Shop owner finds charm in impostor jewelryMolly Golden has...

SUNDAY SNAPSHOTS

November 12, 1995|By Jenny Komatsu

Shop owner finds charm in impostor jewelry

Molly Golden has a penchant for collecting the old, the beautiful and the unique. This passion led to her opening American Pie, an antiques store in Fells Point, and stocking it with, among other things, vintage costume jewelry.

With no cheap trinkets, her eclectic collection of antique and nostalgic costume jewelry is well known among Baltimore-area collectors, and includes anything from mounted rhinestones to Victorian mourning jewelry -- black jewelry worn to show support for the widowed Queen Victoria -- to Italian mosaic pins made of painted crystal.

The pieces lie nestled on velvet panels, treated as preciously as the real thing, which, in a sense, they are. Costume jewelry, once regarded as a cheap and embarrassing substitute, has become increasingly popular in the past few years.

Ms. Golden's personal favorite is Bakelite, a colorful synthetic resin twisted or beaded into bracelets, necklaces and brooches and very popular during the Depression as inexpensive jewelry. No longer. Bakelite is now much sought after, and expensive. That people are now willing to pay real money for "fake" jewelry is no surprise to Ms. Golden. It is about quality.

"I like the costume jewelry made between the '20s and the '50s," says the 65-year-old shop owner, who also lives in Fells Point. "The jewelry from that period was just so much better made. In those days they put just as much time putting in the beads and pins as they did with real gems." Ms. Golden says people looking for the quality and high style of old pieces often seek out American Pie. The store, on Fleet Street, is now celebrating its lTC 15th year in existence.

"Like I had a woman in last week and she bought a bunch of rhinestones to give her bridesmaids she said she'd been to all the stores, but couldn't find anything," Ms. Golden says. "She wanted to give something special."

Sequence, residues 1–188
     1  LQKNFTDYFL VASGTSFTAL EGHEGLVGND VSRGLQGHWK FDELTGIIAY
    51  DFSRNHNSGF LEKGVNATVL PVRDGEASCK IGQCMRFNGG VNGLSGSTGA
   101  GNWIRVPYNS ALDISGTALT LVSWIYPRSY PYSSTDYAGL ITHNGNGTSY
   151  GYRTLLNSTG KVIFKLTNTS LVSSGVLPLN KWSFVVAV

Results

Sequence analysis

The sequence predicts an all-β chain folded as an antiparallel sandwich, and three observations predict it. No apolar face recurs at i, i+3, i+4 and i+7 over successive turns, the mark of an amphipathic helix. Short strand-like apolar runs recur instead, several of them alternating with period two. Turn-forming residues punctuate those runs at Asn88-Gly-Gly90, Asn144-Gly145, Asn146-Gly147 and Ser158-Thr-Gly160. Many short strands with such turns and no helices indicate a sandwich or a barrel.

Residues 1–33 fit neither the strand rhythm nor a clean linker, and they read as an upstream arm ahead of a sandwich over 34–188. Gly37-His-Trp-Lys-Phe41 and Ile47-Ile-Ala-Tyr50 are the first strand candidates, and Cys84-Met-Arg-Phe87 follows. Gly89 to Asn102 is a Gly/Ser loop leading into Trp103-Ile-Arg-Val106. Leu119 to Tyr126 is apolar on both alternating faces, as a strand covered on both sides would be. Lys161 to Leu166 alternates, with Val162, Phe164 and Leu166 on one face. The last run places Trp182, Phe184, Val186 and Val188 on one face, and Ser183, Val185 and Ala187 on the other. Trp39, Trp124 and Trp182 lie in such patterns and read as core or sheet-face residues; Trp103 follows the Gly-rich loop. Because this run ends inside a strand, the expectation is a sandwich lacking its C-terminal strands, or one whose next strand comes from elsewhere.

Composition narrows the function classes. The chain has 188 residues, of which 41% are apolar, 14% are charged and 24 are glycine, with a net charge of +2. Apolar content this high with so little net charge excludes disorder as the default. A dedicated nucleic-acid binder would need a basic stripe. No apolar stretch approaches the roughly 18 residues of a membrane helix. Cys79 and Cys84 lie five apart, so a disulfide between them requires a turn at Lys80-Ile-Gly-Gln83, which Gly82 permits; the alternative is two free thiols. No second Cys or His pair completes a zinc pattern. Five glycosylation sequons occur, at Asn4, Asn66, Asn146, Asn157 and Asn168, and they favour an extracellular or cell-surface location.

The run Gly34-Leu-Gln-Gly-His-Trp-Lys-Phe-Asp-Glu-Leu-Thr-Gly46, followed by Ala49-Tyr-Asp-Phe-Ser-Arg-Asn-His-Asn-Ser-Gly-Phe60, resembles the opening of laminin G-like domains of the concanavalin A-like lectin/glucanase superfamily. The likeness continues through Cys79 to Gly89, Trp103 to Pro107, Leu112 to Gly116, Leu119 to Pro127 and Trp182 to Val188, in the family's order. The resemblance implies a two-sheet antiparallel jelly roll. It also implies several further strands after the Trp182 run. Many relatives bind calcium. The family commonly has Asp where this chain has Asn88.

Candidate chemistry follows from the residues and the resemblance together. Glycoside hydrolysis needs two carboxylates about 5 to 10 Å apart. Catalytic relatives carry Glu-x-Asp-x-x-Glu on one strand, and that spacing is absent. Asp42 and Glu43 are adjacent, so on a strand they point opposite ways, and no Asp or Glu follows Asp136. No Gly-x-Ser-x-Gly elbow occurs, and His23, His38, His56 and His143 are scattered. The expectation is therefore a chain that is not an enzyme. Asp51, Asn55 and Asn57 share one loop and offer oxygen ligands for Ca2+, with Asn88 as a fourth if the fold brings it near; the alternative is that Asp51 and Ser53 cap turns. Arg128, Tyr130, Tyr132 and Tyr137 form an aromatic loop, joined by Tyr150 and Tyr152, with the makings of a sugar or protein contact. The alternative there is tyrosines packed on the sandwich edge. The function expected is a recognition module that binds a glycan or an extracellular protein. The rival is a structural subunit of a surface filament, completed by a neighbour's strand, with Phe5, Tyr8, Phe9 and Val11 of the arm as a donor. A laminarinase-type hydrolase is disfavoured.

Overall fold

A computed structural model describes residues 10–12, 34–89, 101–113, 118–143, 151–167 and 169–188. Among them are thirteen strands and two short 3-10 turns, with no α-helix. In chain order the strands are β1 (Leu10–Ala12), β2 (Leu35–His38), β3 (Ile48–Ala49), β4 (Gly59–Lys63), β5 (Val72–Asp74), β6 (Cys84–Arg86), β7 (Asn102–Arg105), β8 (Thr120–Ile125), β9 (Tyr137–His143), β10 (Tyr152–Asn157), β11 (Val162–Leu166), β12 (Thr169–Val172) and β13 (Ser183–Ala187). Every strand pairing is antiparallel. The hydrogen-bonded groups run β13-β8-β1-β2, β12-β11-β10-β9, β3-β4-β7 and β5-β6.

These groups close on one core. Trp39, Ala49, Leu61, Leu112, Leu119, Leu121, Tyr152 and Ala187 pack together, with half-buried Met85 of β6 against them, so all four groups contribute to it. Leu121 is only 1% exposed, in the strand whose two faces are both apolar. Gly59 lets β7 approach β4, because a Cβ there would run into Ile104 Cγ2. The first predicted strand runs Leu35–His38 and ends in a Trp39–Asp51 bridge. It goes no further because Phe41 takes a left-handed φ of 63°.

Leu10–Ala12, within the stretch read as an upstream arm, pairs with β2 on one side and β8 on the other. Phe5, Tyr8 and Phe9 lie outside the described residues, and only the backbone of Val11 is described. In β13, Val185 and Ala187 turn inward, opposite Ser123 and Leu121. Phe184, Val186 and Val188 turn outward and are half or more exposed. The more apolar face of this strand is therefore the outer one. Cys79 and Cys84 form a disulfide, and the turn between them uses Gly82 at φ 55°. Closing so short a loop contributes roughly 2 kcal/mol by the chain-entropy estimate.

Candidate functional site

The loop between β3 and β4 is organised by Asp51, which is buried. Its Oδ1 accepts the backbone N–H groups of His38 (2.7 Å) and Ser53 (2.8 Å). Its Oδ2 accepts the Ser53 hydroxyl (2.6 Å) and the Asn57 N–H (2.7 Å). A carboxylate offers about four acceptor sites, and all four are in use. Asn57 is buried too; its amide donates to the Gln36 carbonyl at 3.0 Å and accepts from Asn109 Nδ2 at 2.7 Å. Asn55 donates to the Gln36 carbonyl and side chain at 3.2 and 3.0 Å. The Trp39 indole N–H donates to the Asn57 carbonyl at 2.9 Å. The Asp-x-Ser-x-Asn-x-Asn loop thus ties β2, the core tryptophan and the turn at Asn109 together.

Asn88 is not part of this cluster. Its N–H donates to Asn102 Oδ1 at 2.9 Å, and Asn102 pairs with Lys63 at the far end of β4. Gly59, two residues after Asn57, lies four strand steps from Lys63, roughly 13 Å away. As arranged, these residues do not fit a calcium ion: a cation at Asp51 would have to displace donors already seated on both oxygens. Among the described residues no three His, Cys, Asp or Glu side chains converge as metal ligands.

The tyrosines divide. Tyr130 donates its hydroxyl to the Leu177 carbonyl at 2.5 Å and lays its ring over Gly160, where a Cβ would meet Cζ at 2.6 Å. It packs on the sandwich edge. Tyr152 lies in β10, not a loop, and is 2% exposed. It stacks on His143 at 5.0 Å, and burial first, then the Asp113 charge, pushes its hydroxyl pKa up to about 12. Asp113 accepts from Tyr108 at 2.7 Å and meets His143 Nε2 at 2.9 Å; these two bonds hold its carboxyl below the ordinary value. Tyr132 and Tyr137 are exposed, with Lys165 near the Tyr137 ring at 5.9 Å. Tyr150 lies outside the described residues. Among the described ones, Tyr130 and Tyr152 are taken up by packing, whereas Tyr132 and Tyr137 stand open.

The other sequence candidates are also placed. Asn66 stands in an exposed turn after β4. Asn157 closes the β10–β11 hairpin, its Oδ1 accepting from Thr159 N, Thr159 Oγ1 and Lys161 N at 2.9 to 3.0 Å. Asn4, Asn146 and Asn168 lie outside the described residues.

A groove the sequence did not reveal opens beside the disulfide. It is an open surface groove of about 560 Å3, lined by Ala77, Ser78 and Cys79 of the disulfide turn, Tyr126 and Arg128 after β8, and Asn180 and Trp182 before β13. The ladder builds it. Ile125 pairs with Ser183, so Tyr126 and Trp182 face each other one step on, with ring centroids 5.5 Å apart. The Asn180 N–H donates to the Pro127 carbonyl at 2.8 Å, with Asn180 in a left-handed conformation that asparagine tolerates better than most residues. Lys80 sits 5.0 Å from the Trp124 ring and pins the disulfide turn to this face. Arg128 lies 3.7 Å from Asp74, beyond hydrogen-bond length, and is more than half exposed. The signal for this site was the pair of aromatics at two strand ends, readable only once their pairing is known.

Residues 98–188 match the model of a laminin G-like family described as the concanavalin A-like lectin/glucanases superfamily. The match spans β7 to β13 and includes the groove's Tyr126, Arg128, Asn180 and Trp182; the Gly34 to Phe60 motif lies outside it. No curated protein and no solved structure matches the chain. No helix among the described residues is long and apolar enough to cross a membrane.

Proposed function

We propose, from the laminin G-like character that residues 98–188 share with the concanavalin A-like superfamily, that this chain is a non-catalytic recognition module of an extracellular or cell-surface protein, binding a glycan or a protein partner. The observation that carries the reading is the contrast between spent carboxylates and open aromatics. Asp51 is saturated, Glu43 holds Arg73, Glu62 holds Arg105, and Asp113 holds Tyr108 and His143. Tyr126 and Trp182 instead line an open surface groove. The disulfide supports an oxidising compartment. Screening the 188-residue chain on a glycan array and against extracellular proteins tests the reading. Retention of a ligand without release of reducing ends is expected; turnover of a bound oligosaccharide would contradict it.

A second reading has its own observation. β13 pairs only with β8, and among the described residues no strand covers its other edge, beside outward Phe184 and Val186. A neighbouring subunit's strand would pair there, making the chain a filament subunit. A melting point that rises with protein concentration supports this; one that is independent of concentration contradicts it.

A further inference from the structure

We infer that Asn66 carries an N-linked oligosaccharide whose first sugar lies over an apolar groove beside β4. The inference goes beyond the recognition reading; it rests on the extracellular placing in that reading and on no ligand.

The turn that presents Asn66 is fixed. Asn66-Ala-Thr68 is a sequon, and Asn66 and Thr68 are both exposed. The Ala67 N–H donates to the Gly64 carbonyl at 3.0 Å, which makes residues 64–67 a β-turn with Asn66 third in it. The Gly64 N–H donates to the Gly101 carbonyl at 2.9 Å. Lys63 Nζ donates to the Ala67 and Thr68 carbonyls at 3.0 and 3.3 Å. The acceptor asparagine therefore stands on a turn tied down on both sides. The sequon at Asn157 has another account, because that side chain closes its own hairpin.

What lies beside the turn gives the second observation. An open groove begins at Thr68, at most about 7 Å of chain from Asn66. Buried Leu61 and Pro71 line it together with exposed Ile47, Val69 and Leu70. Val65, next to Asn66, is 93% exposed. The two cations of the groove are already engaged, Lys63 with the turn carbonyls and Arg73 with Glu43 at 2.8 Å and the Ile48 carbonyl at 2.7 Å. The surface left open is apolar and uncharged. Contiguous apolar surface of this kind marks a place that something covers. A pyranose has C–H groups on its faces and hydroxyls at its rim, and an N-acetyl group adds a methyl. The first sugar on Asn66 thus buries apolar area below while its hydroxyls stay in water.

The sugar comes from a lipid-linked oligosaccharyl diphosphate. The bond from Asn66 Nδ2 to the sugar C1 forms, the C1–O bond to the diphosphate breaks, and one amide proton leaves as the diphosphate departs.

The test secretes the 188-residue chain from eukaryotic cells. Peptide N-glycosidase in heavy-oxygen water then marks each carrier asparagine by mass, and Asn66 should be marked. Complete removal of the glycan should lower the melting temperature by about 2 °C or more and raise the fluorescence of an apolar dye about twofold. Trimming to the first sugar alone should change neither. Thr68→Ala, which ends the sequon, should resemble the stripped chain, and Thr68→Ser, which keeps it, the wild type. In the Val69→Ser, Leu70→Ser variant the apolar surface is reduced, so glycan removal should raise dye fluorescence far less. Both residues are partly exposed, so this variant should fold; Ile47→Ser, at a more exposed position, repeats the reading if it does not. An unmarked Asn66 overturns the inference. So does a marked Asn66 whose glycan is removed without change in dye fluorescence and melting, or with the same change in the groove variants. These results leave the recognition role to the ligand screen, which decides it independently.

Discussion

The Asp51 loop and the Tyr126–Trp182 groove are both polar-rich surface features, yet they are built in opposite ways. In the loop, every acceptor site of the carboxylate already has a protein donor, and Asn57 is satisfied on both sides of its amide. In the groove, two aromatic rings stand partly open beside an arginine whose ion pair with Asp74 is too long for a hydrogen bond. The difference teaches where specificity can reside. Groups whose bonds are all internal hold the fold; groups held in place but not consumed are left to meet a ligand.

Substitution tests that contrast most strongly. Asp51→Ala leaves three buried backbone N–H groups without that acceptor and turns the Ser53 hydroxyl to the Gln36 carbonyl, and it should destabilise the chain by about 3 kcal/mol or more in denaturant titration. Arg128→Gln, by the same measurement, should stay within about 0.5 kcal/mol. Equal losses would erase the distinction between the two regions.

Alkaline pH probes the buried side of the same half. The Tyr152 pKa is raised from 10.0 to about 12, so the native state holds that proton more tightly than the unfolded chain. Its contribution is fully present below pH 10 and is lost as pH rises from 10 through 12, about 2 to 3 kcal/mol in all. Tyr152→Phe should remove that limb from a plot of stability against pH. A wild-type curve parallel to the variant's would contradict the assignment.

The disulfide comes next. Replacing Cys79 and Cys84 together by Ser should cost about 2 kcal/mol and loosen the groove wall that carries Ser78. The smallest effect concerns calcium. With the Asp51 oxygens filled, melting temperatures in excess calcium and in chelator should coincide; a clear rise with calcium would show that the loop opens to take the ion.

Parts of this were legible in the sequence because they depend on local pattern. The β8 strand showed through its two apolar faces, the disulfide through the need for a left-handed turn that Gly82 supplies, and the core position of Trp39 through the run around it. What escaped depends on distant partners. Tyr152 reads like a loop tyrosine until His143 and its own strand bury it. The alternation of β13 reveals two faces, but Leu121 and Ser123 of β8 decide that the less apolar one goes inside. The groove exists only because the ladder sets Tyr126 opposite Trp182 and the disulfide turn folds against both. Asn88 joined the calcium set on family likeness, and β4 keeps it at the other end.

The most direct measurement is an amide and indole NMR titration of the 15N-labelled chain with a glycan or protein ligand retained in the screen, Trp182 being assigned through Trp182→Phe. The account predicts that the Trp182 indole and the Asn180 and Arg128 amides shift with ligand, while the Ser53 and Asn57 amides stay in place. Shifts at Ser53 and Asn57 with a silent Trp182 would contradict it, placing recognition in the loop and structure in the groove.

Thirty kids at the Children's Book Store in Roland Park giggle hysterically as author and illustrator Kevin O'Malley tells twisted fairy tales and illustrates them on the easel by his side.

In Mr. O'Malley's cosmos, Rumpelstiltskin resembles Ross Perot, and the Beast's fate depends not on petals dropping from a rose, but on whether pepperoni will fall from a greasy slice of pizza before Beauty falls for him.

Or else, the artist intones, he "shall remain a big, mean, smelly beast."

As the children shout answers to his questions, Mr. O'Malley, who wears a sunflower tie, beams. After his presentation, he happily signs books purchased by his young audience and personalizes each with witty caricatures of monkeys, dinosaurs and lions. Performance art for the pre-teen set is his first love.

"I really do enjoy that more than anything," he says. "You get to really meet [children.] Children's books are a very cloistered occupation. I spend far too much time alone and out of earshot of little kids."

Working in his attic studio in Rodgers Forge, Mr. O'Malley has written and illustrated an array of children's books.

With "Who Killed Cock Robin?" he transformed the classic tale into a murder mystery. In "Roller Coaster," a young girl whoops it up at an amusement park.

When communing with kids, irreverence is key, Mr. O'Malley believes.

"Kids are very wild; they have wild ideas," he says.

Children don't want lessons delivered in righteous parental tones, says Mr. O'Malley, who lives with his wife, Dara, and two young sons.

"I stay away from moral tales," he says. "They drive me nuts."

If he could pick his own projects more freely, Mr. O'Malley, 34, would focus on childhood memories of the "intense frustration of not being able to get what I wanted."

Unfortunately, editors are not receptive to such tales of primary angst, he says. "They don't want to hear about a kid who is driven or obsessive."

Stephanie Shapiro

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